Pro #4.  You experience an entirely new circle of competition. 

    Student in the U.S. often struggle to land their dream internships because there is a long list of competition. Once you’re abroad, you become a more valuable asset to foreign companies that puts you ahead of local students competing for internships. Plus, when you get back to the states, if you decide to intern again, you have the experience and new things to offer that other students probably won’t. 

 

 

          All of the pros make interning during your study abroad trip seem like a great thing, but of course every situation has a positive and a negative. These next few points are things to consider before accepting an internship abroad. 

 

 

Con #1. It’s very time consuming.

    Just like an internship at home would be, you are putting in a lot of extra time- sometimes even upwards of 40 hours a week. As much as that might be to manage while at home, it’s even more to manage while abroad. You’re already out of your comfort zone and regular routine, but having that extra work to complete might take away from your free time to explore where you are, travel on the weekends, or even enjoy a coffee or gelato in between classes. Studying is just as important as the cultural experience while you’re abroad, so if you overload yourself, you might miss out on the culture, or your studies may suffer. 

 

Con #2. You may not get full credit, or equal credit, with your university or future job.

    Just like some classes don’t transfer credit if you transfer schools, some jobs or universities may not know how to give you all the credit you earned for doing an internship abroad. Because schools and companies abroad are different in how they operate, it’s hard to match requirements and know that you’re getting the minimum experience and doing the same tasks you need to fill your internship requirement at home. If you do choose to intern abroad, make sure your school will accept it with full credit. 

 

Con #3. It might not be what you expected.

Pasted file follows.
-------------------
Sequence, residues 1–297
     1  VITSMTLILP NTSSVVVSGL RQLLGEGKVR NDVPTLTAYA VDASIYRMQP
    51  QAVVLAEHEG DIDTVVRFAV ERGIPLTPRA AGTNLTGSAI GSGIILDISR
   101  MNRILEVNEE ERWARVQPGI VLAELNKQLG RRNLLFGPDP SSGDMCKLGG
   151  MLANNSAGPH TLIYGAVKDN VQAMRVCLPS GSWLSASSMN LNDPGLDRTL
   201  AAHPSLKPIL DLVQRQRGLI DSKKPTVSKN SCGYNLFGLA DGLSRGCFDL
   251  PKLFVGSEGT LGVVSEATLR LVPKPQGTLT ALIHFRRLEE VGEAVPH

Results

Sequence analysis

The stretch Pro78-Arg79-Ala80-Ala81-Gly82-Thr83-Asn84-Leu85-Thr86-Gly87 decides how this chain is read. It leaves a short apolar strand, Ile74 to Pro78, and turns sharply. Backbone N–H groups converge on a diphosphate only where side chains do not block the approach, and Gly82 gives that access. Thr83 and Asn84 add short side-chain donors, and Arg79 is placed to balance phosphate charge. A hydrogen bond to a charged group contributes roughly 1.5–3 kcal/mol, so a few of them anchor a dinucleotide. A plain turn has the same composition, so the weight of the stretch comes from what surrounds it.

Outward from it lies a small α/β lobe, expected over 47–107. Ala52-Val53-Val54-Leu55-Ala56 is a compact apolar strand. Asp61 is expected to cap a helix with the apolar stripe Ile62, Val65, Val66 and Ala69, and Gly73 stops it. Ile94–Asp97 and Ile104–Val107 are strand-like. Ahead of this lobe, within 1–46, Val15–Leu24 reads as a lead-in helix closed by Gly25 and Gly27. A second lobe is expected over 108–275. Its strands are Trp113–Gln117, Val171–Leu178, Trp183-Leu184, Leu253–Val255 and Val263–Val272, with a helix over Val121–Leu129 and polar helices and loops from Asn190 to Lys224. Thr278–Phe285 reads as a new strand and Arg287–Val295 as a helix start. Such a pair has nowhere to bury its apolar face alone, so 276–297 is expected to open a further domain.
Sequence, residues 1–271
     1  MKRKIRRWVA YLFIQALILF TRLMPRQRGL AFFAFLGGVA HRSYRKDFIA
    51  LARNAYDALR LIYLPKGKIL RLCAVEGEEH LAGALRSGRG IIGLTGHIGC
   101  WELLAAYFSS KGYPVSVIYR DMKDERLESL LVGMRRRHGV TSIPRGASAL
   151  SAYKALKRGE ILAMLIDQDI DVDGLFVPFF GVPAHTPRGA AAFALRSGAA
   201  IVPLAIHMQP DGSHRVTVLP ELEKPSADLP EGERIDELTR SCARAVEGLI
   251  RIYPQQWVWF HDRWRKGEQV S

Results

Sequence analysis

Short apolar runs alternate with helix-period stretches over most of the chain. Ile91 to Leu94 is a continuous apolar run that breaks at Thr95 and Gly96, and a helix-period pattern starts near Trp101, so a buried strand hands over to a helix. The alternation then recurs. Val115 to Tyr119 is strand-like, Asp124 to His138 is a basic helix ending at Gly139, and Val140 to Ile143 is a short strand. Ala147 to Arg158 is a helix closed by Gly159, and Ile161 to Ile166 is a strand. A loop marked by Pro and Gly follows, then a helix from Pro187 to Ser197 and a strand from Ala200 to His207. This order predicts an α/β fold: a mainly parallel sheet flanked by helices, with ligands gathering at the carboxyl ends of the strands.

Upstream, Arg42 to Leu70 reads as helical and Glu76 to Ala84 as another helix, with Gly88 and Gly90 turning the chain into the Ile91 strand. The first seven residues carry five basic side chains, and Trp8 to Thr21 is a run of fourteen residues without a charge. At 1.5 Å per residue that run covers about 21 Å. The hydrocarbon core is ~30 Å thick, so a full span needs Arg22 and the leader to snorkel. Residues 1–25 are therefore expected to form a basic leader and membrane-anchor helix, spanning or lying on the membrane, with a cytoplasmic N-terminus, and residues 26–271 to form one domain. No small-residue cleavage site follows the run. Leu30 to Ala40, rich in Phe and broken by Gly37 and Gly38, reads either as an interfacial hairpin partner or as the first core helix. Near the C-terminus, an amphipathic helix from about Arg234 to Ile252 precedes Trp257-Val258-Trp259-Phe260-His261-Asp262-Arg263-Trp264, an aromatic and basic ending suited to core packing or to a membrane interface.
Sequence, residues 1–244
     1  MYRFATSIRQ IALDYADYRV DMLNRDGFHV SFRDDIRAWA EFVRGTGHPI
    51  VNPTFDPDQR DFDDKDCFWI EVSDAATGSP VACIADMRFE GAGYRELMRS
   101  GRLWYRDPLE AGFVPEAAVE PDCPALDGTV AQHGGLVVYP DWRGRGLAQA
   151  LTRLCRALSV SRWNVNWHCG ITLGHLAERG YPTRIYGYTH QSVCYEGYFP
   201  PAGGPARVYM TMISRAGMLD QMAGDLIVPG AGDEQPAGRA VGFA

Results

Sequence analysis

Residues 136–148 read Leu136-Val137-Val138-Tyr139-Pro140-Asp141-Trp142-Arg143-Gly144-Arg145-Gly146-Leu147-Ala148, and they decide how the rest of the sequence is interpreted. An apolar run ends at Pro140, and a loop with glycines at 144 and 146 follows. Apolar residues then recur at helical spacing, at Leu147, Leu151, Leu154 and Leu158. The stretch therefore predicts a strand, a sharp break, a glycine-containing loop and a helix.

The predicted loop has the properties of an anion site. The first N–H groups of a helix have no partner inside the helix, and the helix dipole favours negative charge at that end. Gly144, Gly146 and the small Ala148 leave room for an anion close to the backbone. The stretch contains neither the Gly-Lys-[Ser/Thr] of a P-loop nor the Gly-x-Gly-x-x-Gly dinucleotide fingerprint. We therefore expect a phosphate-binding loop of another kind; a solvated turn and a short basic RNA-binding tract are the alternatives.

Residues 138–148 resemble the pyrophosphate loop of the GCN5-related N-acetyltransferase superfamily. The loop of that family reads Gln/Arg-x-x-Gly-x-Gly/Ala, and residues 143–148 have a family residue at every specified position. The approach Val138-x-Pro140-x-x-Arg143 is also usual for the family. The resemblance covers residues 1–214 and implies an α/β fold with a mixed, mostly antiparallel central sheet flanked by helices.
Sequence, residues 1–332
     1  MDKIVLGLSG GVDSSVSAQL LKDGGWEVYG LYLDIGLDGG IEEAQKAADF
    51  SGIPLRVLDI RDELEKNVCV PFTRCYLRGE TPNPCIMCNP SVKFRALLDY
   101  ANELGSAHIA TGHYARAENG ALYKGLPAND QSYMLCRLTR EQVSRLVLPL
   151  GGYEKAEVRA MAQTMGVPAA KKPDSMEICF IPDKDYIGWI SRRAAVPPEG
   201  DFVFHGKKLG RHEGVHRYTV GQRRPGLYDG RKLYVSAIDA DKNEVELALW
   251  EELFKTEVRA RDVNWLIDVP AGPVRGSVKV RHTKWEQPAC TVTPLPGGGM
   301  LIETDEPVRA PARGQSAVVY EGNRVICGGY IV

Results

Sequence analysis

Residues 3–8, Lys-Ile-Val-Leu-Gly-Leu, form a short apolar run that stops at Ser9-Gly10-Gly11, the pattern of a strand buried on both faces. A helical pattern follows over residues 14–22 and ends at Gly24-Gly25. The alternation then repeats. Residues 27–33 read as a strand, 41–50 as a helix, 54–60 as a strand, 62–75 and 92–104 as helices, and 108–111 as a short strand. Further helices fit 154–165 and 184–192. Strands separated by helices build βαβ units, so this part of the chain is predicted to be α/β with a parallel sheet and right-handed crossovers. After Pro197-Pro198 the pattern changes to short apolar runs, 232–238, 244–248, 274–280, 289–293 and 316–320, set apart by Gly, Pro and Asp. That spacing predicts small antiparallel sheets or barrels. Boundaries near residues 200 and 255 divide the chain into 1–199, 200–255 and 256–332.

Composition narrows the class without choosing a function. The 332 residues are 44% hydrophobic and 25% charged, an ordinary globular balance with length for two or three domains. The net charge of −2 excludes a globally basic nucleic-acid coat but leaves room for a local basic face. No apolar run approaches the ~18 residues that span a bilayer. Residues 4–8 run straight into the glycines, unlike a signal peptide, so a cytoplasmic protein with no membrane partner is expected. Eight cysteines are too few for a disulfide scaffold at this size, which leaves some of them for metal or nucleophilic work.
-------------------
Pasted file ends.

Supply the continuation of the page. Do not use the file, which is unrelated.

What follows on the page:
We are familiar with many companies here in the U.S. that make it easy to predict what interning there would be like, but interning abroad is much more unfamiliar. If you intern abroad, it might not be the chic, smooth, rewarding experience you imagined. Like I’ve already mentioned, companies could be very different in what they expect from you, how they want you to dress, and what kind of duties and responsibilities you will be expected to handle. You might not be fetching coffee and making small talk with important people in the elevators, but it could be a really great challenge to take on as a whole internship experience. 

 

Con #4. You might not be as good as you think.

    This "con" doesn’t mean that you aren’t as smart or as capable as you made yourself out to be, it means that in a foreign country, you don’t have the home court advantage. You haven’t lived in that town for most of your life, you don’t know the quickest or best place to grab lunch from while you’re working, and you haven’t worked with many, if any at all, of the people you will be interning for. You’re the away team playing the sport for the first time, and you have to be able to give yourself a bit of a break and some extra time to get the hang of things. 

 

 

                With all the pros and cons laid out, the decision still remains solely up to you. After all, you know yourself best, and you know what your goals are, what you’re capable of, and what will suit you best better than anyone else. Personally, I had the opportunity to intern for the university I studied at while I was in Rome, but I ultimately turned it down, and I’m glad I did. But again, if working hard and managing your time well is a strong suit for you, go for it. If having free time to get lost in European cities and to be on top of your classes while abroad is more your scoop of gelato, that is more than OK too. It all boils down to knowing yourself, your study habits, your goals, how much work you want to put in, and what you want to get out of your study abroad experience. In the end, I say any experience is a good experience, because you will learn from everything you do while you travel and study abroad.